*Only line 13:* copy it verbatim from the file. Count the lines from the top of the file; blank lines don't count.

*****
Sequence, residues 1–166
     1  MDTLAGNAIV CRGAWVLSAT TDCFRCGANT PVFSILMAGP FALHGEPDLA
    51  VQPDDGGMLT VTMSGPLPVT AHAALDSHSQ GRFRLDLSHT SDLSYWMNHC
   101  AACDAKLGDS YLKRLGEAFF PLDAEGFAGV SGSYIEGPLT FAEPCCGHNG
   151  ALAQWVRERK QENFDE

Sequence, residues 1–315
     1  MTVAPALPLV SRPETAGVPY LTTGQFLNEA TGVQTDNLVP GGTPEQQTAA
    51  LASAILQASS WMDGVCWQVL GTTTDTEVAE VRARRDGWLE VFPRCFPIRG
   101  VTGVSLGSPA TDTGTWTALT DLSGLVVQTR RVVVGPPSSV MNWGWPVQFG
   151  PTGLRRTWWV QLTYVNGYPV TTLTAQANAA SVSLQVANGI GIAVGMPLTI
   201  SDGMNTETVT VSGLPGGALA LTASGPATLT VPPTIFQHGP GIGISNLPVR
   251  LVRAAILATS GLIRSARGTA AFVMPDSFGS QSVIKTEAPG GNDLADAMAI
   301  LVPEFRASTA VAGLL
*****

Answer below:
   301  LVPEFRASTA VAGLL